It always feels awkward returning to the blog after an extended (in this case, EXTREMELY EXTENDED) hiatus. Launching into a post without acknowledging the gap seems odd, but explanations sound more like excuses and, in the end, who really cares?
I don’t know. Hello? Hello! I’m back. I have 2 kids now and I haven’t run for over a year. Oops. The “oops” pertains to the fact that I haven’t run for a year. I intended to have two kiddos, so……well done, me. Procreation goal complete!
I would love to feel like a runner again. I would love to be in decent shape and be able to go out for a 6 or a 7 miler without breaking a (figurative) sweat. “Oh, I ran an easy 7 today,” I’d like to be able to say.
There’s one thing standing in my way right now…well…erm…make that TWO.
I’m not talking about the kids, although scheduling a workout around the demands of mommyhood and miscellaneous adulting is not easy. The problem, you see, is that I’ve opted to breastfeed our second born, and I’ve gone from size 34A (pre-baby) to 36D.
At age 33, I’ve got boobs.
I have little to no idea how to cope with that.
The obvious first step was to BUY A SPORT BRA THAT FITS, so at about 3 months postpartum I did just that. I went to Target and bought the typical stretchy (and cheap) sports bra that I’ve worn before…just in a size LARGE rather than SMALL. Done and done, I think to myself.
Then I went on my first run after having a baby and learned a very valuable lesson: sports bras for the curvy need to actually DO something. As a flat-chested runner, the sports bra is mostly about covering what should be covered. If it looked cute, that was an added bonus. As a nursing mama runner, I learned that the added weight and bounce must be compensated for…or I will pay the price with every step.
So, I texted a friend who’s always been naturally gifted in the chestral department. “Tried to run…OW! What kind of sport bra do I need?” She texted back some recommended brands and I learned another lesson: pretty much every bra manufacturer makes a variety of “support” options. Huh. Seems like I should’ve noticed that before, but I’d always just bought the cheapest option, which of course is the one with “light support.”
Armed with this newfound knowledge, I bought a far sturdier sports bra and tried again. This time, everything stayed in place but the entire contraption felt so confining. It was hard to breathe. Dang boobs! Why is this so difficult?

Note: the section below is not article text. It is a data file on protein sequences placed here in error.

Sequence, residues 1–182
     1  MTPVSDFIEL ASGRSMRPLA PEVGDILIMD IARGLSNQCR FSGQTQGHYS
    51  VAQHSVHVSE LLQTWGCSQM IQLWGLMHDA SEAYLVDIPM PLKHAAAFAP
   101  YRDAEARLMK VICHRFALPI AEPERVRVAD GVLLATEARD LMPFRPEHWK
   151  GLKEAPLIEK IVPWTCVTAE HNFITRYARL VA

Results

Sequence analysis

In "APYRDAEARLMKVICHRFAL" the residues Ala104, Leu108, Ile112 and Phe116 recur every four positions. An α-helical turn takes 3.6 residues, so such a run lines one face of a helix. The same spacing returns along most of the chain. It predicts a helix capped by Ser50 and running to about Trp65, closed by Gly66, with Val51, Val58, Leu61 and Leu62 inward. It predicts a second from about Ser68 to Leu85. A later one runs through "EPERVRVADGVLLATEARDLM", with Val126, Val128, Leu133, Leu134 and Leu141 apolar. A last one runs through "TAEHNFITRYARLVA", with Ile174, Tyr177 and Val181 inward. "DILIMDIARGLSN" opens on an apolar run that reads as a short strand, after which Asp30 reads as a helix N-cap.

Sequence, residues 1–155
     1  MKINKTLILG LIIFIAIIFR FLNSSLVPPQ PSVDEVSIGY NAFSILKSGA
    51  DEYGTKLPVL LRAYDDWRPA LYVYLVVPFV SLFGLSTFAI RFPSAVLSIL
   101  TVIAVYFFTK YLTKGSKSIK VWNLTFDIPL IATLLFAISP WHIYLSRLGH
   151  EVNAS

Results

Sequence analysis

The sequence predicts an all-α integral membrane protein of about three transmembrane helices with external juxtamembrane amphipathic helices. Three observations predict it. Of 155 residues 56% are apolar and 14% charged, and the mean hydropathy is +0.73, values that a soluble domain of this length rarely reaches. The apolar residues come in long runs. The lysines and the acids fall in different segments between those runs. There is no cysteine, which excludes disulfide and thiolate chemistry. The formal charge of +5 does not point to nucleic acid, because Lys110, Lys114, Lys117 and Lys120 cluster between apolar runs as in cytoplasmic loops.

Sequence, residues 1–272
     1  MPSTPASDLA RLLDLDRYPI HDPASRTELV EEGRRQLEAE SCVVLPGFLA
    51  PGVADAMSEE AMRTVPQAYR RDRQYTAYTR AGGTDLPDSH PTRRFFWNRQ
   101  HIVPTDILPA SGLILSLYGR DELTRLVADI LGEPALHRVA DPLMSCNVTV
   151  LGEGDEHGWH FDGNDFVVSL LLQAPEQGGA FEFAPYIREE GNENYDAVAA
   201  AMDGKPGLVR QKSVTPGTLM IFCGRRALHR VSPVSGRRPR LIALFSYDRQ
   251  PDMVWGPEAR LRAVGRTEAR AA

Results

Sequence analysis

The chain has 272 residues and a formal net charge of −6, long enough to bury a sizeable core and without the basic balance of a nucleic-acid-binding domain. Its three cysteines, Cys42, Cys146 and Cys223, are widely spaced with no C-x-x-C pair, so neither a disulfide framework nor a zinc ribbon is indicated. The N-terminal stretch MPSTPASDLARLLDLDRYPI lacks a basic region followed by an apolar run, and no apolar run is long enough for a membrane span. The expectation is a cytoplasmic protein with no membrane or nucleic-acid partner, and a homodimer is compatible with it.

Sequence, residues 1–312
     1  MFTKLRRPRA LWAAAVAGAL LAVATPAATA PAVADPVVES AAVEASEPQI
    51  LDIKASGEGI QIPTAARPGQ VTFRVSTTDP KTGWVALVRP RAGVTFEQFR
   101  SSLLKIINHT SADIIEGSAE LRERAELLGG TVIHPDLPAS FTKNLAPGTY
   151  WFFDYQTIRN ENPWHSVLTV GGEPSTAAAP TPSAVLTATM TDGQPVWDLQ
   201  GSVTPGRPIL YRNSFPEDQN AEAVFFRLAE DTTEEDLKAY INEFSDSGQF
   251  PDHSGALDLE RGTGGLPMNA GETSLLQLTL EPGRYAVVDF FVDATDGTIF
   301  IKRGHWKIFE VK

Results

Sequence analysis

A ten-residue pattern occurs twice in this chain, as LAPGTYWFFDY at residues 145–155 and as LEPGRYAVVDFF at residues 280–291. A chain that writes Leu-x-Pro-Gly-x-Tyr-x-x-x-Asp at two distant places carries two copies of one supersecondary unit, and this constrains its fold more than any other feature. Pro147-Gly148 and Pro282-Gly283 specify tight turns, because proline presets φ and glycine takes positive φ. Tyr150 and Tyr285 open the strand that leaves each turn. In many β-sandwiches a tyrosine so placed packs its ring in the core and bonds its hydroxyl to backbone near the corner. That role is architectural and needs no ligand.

After that experience, I let myself push running to the side. Maybe I’ll pick it back up in another 6-8 months, when the baby is (possibly) weaning. It just seemed like it wasn’t worth the effort. I’d as soon run with scissors as run with boobs.
The desire to “be a runner again” isn’t easy to squash, however. And because I’d rather not be attempting to get in shape in the middle of a Kansas summer (adding another degree of difficulty and discomfort to the already less-than-ideal equation of 1 year without running + 2 boobs), I tried again.
The third time may really BE the charm.
Or I’m just getting used to these things.
Or I’m a little farther out from giving birth and I’ve recovered even more.
Or…who cares? I went for a 2-mile run, and it felt surprisingly decent. That’s good enough for me!
Now, flush with a runner’s high (or delirious from prolonged sleep deprivation), I thought I’d take a few minutes to share some tips with any other nursing mama runners out there:
Tip #1: Get the Ugly One
I’m used to buying sports bras based on pretty color or cool pattern. DO NOT FALL INTO THIS TRAP. Seek out the ugly duckling of the sports bra world. You want something with thick shoulder straps and without too much elastic. If you can slingshot it across the store, it’s not for you. (Also, maybe don’t slingshot bras across a store. I think they frown on that.) It should feel sturdy and a little rigid. You need it to be strong enough to be up to the considerable task.
Tip #2: Try that puppy on.
It’s surprisingly tricky to get the right fit. Less elastic means more trouble finding just the right thing. You need something tight enough to provide that all-too-important support, but not so tight that it inhibits breathing.
Tip #3: Don’t forget the pads.
One of the only annoying things about breastfeeding is that you can’t turn the system off. It’s always there, ready to go. The bouncing, the movement, the warmth, or some combination thereof can unexpectedly activate letdown. I slip in some nursing pads as insurance against the wet t-shirt.
Tip #4: Pump (or Nurse) Before You Go
Make it easier on yourself by lightening your load before you go. It will make things more comfortable all the way around, decrease the risk of unexpected letdown, and if you’re like me and your baby refuses to take a bottle (augh!!!) it increases the chance that you can get a run in before a full on “I WANT MAMA/A SNACK” meltdown ensues. A win for everyone.
Tip #5: Splurge on a few workout tops.
I’ve been fighting this one because I hate to spend money on a temporary situation, but I’d recommend buying at least two comfy workout tops that accommodate your new bust size. If I had things that actually fit, I’d probably have a little more motivation to get out there and run. Since I’m being stubbornly cheap, every attempt to run involves fishing through a pile of shirts that just don’t fit and squeezing into a too-small something and then frowning at myself in the mirror at all the extra bulges. It’s an unnecessary blow to my self-confidence.
Those are my tips! What haven’t I thought of?